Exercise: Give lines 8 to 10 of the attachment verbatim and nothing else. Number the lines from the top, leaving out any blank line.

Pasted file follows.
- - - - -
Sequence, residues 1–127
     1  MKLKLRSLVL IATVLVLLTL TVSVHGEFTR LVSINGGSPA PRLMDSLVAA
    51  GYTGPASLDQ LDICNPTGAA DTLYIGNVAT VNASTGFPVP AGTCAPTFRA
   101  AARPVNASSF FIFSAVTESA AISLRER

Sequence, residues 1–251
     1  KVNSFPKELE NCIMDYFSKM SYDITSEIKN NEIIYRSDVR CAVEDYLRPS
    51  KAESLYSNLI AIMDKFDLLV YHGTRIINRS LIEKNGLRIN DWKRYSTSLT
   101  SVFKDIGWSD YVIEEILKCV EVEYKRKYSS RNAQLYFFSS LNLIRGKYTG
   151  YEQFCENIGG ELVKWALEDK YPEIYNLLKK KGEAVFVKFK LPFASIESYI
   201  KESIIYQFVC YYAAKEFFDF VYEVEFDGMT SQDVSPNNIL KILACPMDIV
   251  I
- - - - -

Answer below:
   101  SVFKDIGWSD YVIEEILKCV EVEYKRKYSS RNAQLYFFSS LNLIRGKYTG
   151  YEQFCENIGG ELVKWALEDK YPEIYNLLKK KGEAVFVKFK LPFASIESYI
   201  KESIIYQFVC YYAAKEFFDF VYEVEFDGMT SQDVSPNNIL KILACPMDIV